Canadians check in here....

Albertan

Songster
Feb 3, 2018
454
768
227
Alberta, Canada
That's an interesting heater. I'm going to check it out. I take it that it is fire proof? The picture shows the heater sitting on straw. Last year we wrapped the inside of the coop with thick plastic and used the big red heat lamp only when it got very cold and never left it on overnight (afraid of fire). We may try some hard insulation panels plus heat when needed. Does the heat radiate well from the flat panel as the heat lamp is very narrow but does take off the edge.
It has a thermostat, chickens can sit right against it if they like. My Silkie does alot in winter. I usually turn it on at -10 for day time temps. Door is open. When it hits -20 as daytime high, they are locked up. I don't like frozen combs. As temp drops below -20, the coop will stay 10 degrees warmer. We don't get may -30 but the little flat panels do keep the cold edge off and keep wind out with door shut. Sometimes, they are shut in for a couple weeks at a time in the winter.
 

Albertan

Songster
Feb 3, 2018
454
768
227
Alberta, Canada
That's an interesting heater. I'm going to check it out. I take it that it is fire proof? The picture shows the heater sitting on straw. Last year we wrapped the inside of the coop with thick plastic and used the big red heat lamp only when it got very cold and never left it on overnight (afraid of fire). We may try some hard insulation panels plus heat when needed. Does the heat radiate well from the flat panel as the heat lamp is very narrow but does take off the edge.
I don't have a walk in coop. I have a small raised one. If I had a large coop, definitely do the deep litter method for warmth. I keep alot more hemp bedding on floor than summer but not to make deep litter. I even wrap my external nest box with something to keep eggs from freezing.
 

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Ruby Rogue

Free Ranging
Mar 31, 2020
2,614
7,535
536
Atlantic Canada
I don't have a walk in coop. I have a small raised one. If I had a large coop, definitely do the deep litter method for warmth. I keep alot more hemp bedding on floor than summer but not to make deep litter. I even wrap my external nest box with something to keep eggs from freezing.
Where do you get hemp bedding?
 

IQL

Chirping
Jul 29, 2020
56
64
83
We used batt insulation in the walls and ceiling and rigid foam insulation in the floor. The lowest temperature I saw last winter was -42C which was cold enough!
Thank you Lexicon. Our winters are usually not too cold, relatively speaking, but we can get the odd day at -30C, even -40C with the wind, but typically not colder than -20C - which is cold enough for all creatures - big and small.
 

IQL

Chirping
Jul 29, 2020
56
64
83
It has a thermostat, chickens can sit right against it if they like. My Silkie does alot in winter. I usually turn it on at -10 for day time temps. Door is open. When it hits -20 as daytime high, they are locked up. I don't like frozen combs. As temp drops below -20, the coop will stay 10 degrees warmer. We don't get may -30 but the little flat panels do keep the cold edge off and keep wind out with door shut. Sometimes, they are shut in for a couple weeks at a time in the winter.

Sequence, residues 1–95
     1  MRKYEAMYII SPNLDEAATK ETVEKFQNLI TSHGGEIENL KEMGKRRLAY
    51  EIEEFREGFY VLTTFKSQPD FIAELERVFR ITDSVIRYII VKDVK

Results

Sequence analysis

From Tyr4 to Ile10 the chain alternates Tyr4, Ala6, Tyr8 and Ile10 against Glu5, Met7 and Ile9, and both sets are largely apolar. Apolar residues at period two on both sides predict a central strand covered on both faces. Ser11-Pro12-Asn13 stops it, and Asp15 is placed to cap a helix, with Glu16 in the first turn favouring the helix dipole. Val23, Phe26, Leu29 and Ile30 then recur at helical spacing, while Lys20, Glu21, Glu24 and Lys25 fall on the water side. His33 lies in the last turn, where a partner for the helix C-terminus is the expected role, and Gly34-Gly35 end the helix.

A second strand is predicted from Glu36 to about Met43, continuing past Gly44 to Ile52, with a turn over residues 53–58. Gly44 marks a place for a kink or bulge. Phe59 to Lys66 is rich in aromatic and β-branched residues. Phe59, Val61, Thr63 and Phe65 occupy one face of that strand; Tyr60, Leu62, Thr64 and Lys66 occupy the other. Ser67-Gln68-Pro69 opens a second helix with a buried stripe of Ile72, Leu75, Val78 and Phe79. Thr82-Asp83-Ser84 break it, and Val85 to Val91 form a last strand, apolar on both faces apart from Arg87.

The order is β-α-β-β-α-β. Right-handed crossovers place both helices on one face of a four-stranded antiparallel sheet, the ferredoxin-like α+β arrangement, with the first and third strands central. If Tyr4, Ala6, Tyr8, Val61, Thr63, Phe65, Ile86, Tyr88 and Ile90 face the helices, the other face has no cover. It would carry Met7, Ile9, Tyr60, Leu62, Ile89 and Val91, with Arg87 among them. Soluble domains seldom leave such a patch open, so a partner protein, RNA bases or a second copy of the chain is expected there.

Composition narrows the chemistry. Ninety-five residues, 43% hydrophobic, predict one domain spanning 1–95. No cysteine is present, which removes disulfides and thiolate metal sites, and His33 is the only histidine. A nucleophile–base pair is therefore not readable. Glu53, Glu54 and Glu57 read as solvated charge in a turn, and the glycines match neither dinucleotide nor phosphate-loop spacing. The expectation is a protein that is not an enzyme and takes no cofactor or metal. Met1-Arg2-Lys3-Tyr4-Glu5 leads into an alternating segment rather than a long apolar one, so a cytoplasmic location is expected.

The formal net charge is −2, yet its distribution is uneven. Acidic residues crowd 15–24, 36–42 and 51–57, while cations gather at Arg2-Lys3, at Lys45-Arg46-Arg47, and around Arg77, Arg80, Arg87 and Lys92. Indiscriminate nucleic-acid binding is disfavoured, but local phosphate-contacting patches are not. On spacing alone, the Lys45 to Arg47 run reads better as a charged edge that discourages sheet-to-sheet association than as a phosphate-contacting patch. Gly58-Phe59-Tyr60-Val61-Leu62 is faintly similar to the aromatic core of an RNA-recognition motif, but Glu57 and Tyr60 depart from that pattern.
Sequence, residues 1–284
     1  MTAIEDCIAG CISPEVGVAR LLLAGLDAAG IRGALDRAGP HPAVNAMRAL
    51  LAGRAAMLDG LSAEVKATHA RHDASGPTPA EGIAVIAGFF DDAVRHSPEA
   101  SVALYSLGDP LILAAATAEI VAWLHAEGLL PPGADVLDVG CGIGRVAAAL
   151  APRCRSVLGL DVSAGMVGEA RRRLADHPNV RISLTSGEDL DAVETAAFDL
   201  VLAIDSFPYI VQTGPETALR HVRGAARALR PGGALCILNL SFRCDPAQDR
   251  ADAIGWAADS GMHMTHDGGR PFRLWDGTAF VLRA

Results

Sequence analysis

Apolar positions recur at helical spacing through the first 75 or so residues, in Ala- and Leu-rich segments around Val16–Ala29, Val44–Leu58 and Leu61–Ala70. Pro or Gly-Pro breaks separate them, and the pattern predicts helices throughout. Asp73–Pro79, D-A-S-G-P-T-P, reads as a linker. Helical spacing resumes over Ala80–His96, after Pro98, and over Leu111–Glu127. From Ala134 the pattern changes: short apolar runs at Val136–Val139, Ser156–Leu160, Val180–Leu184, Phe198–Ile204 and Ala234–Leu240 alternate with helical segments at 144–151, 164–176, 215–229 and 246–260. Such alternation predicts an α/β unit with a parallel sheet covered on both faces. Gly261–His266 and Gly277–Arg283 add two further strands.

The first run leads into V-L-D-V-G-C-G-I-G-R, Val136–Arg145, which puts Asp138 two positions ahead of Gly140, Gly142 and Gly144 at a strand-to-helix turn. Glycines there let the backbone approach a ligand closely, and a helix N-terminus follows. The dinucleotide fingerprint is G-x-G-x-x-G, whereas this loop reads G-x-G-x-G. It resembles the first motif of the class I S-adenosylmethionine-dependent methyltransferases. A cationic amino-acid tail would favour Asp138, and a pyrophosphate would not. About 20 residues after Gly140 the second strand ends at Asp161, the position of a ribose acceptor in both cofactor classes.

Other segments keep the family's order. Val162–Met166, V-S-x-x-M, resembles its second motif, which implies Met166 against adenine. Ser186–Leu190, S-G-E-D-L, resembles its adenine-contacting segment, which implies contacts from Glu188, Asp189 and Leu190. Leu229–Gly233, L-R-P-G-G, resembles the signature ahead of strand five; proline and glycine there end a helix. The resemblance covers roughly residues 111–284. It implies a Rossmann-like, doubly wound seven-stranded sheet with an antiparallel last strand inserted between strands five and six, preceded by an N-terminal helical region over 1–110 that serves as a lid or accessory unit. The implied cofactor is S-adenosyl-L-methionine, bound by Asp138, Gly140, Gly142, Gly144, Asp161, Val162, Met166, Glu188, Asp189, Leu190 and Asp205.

Thanks Albertan. As I mentioned to Lexicon, the temps are usually not too bad but we do have the odd day of really cold weather. Up to -10C the door is left open a bit to let the chickens run around outside if they choose (they hate the snow so may or may not venture out). Anything colder the door stays closed to keep the coop warmer and the lamp gets turned on during the day to take off the edge. I will definitely check out the flat panel heater 🙂
 

IQL

Chirping
Jul 29, 2020
56
64
83
I don't have a walk in coop. I have a small raised one. If I had a large coop, definitely do the deep litter method for warmth. I keep alot more hemp bedding on floor than summer but not to make deep litter. I even wrap my external nest box with something to keep eggs from freezing.
Love your coop. Mine is a walk in and in the winter I make sure that the wood shavings on the floor, and in the nesting boxes, are much deeper than in the summer for added insulation and to keep the little feet warmer. I don't do the deep litter method because I clean the coop every day to keep the air fresh and the hygiene level up but the shavings are generously deep. The weather is turning now so this week I will be cleaning out the summer shavings and putting a new thick layer of shavings and will continue to add as winter progresses. Winter is always too long for this Canadian😏
 

Chickstarrs

Crowing
Premium Feather Member
May 6, 2020
729
2,801
276
Ontario, Canada
May I ask what type of insulation you used? Our coop has 2 vents at the very top of opposite walls, just beneath the roof plus 2 screened windows and 2 doors.
I insulated with this stuff in the walls and ceiling. I did not do the floor.
20211017_142849.jpg

The nest boxes stick out the side and are only insulated on the bottom. I check the boxes often when it is very cold.

My coop is a walk-in. I do not use a heater or a lamp and my chickens are fine through the winter. I only had 8 last year, this year I have 26 (need to remove some before the snow hits as it will be too crowded in there :hmm). They will keep each other warm and they have very good personal insulation with their wonderful downy feathers.
 

DukesDucks

Crowing
Oct 6, 2019
792
2,662
286
Eastern Ontario, Canada
My daughter and I have ducks, peacocks, and chickens. Gets pretty cold here but none of the coops are insulated. All the groups are able to be out of drafts, but usually choose to be out in their runs if the sun is shining. I was amazed the first year by the peacocks and how well they did. They would wade through the fresh snow, then roost in the sunshine.
 

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